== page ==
- Mount the new disk (with a file system) to the newly created directory.
- sudo mount /dev/xvdf /media/nextcloud
- Here’s all of the above commands in one screenshot. Notice how I ran the df -h before and after the actual mount, to ensure the server is aware of the new storage.
- One last thing we want to do is ensure the disk will re-mount every time the server reboots. First create a backup of your fstab file
- sudo cp /etc/fstab /etc/fstab.orig
- Open the fstab file
- sudo nano /etc/fstab
- Add the following line at the bottom of your fstab file
- /dev/xvdf /media/nextcloud ext4 defaults, nofail 0 2
- Next up, let’s install sanp
- sudo apt install snap
- Install the Nextcloud snap. This is the true power of snaps, this will containerize the entire stack needed to run Nextcloud, including MySQL, PHP, Apache, etc.
- sudo snap install nextcloud
- Install Nextcloud and create initial admin account and password. Ideally this first account will be your account. Replace the values below with your account name and password
- sudo nextcloud.manual-install <admin account> <admin password>
- Configure the trusted domains in which you plan to access the your new cloud storage. Ideally, you would need to figure the public IP address and the domain you intend to setup later.
- Open the config file with your editor of choice
- sudo nano /var/snap/nextcloud/current/nextcloud/config/config.php
- By default, the only trusted domain is localhost. So, you do want to add you public IP address for the your instance and the domain or sub-domain name you intend to use later. Here’s an example of what you should be adding to the config:
- ‘trusted_domains’ => array (0 => ‘localhost’, 1 => ‘188.8.131.52’, 2 => ‘yourdomain.com’,),
- Restart the Nextcloud Snap
- sudo snap restart nextcloud
- At this point you should be able to navigate to Nextcloud using your public IP address. Go out to your site to ensure everything I loading correctly and even log in with your admin account you created earlier.
- After logging in and confirming everything looks good, next we want to change the default data directory from within the containerized snap of Nextcloud to the disk we mounted earlier.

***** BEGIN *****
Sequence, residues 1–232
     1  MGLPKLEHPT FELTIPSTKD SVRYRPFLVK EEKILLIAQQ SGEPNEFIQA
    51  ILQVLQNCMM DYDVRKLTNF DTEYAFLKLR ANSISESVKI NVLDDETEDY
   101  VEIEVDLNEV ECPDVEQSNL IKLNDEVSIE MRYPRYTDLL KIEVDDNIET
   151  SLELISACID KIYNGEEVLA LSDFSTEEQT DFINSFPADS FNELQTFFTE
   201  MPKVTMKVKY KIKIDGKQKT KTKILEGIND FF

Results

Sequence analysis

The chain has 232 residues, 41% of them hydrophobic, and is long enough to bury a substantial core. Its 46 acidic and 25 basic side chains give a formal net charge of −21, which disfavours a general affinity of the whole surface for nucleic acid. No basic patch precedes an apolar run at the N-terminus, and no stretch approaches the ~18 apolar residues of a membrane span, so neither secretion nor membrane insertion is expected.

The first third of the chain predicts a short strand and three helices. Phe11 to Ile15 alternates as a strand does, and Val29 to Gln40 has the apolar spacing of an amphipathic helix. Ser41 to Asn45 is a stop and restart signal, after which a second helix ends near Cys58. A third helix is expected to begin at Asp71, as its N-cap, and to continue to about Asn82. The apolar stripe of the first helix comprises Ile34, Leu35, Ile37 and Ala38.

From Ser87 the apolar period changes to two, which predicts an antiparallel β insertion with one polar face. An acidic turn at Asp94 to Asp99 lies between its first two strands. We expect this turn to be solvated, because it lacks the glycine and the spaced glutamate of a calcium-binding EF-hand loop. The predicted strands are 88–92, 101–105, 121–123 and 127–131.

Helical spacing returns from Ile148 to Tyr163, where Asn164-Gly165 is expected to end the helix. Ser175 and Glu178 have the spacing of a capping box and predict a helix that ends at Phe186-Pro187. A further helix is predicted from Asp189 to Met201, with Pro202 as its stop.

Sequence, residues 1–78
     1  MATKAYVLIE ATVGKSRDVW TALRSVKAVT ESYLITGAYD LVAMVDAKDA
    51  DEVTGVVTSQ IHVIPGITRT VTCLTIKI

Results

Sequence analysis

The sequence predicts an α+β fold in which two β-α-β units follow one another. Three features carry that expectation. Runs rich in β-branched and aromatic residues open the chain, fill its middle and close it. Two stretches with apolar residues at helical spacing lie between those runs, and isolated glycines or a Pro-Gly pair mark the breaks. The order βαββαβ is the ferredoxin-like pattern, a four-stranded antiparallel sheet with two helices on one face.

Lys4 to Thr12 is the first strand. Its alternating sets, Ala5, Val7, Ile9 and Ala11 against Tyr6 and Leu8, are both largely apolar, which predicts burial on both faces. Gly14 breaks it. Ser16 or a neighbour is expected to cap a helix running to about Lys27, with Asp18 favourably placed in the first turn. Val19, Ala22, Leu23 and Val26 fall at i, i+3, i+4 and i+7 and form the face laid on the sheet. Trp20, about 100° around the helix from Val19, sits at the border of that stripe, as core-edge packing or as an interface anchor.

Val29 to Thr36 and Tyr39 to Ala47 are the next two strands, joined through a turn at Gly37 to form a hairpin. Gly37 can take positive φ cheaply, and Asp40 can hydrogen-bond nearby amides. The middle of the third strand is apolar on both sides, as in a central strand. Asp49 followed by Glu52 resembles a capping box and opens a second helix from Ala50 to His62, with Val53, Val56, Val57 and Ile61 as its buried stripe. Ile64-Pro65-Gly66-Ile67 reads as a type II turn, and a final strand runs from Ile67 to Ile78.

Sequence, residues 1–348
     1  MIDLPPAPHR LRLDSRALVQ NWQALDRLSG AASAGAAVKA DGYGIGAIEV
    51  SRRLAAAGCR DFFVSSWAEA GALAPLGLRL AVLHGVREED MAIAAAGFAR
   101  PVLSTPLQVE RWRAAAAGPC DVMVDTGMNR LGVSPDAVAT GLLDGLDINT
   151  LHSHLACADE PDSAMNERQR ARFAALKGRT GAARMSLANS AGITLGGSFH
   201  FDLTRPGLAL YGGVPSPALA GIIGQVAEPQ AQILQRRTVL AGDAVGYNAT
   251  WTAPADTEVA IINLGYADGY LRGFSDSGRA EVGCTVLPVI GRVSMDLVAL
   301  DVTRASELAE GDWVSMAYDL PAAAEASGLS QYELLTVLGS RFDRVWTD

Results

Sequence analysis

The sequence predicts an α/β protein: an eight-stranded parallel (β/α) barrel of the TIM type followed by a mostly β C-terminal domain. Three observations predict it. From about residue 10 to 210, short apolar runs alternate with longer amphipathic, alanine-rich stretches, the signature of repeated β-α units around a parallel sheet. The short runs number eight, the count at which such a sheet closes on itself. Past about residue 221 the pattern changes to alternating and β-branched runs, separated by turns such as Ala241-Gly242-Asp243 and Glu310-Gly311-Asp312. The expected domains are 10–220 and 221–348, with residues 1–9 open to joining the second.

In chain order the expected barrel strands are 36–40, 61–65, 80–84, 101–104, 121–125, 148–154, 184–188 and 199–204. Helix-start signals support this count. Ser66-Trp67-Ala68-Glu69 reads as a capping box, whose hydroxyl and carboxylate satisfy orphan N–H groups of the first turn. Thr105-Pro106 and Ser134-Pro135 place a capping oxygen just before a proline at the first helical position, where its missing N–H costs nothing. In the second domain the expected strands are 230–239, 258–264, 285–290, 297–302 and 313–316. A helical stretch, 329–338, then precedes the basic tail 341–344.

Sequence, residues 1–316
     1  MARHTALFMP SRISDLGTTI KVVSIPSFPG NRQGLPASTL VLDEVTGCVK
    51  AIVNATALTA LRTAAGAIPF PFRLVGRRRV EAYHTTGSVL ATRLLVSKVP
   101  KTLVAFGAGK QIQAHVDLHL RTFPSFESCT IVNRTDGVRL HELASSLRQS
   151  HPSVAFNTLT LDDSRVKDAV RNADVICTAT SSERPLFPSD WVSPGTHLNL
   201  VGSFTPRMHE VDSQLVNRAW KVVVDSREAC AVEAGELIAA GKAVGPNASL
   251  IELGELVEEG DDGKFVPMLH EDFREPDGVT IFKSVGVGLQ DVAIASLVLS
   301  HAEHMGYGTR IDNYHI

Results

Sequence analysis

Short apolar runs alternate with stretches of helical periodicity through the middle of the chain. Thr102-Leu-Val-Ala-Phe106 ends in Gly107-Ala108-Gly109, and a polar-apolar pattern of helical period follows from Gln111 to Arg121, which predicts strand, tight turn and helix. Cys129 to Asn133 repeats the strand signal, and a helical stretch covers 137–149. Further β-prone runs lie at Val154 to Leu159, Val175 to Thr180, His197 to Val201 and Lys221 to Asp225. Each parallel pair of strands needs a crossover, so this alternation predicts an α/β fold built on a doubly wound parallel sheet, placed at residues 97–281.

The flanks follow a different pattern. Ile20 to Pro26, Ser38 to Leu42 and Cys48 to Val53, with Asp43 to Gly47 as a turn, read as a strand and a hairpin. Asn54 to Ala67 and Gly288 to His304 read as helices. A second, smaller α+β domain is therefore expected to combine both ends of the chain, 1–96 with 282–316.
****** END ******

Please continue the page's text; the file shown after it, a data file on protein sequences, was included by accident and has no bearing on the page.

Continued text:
- Back on the server, allow your Nextcloud snap to have access to the /media directory, remember we mounted the additional disk within this directory path.
- sudo snap connect nextcloud:removable-media
- Following this guide, we’re wanting to change the default data directory from /var/snap/nextcloud/common/nextcloud/data to /media/nextcloud/data (where our additional 100GB of storage lives).
- Open the Nextcloud config with editor of choice
- sudo nano /var/snap/nextcloud/current/nextcloud/config/config.php
- Replace ‘datadirectory’ => ‘/var/snap/nextcloud/common/nextcloud/data’, with ‘datadirectory’ => ‘/media/nextcloud/data’,
- Save the config file and close it.
- Stop the Nextcloud Snap
- sudo snap disable nextcloud
- Move (or copy) the current data directory to the new place- I recommend copying the data first, then you can delete the older data once you confirm everything is working.
- sudo cp -R /var/snap/nextcloud/common/nextcloud/data /media/nextcloud
- Your mounted disk was empty, you can confirm that the data for Nextcloud was correctly copied by looking into the mounted disk
- Re-enable the snap
- sudo snap enable nextcloud
- At this point you should be able to log into your Nextcloud instance and your data will be stored on the attached S3 disk.
Part 3 – Point your domain / subdomain to your VPS
- Go to you domain registrar (i.e. godaddy.com, 1and1.com, etc.)
- Navigate to the domain setting for your domain or sub-domain.
- Create a new A record that simply points your domain / sub-domain to the public IP address of your AWS Lightsail instance. This is what we configured in Part 1, Step 4
- Give this a few minutes and your domain should begin pointing to your Nextcloud instance.
- Note: It’s important to ensure your domain name is a trusted domain within the configuration file. You should include your domain with and without the “www.”. Please refer to Part 2, Step 17.
Part 4 – Enable SSL (https)
- Login your your server through SSH
- Absolutely ensure your domain or sub-domain is listed as a trusted domain (Part 2, Step 17)
- Enter the following command:
- sudo nextcloud.enable-https lets-encrypt
- Simply follow the prompts presented to you.
At this point you should have a fully functioning Nextcloud installation working with SSL.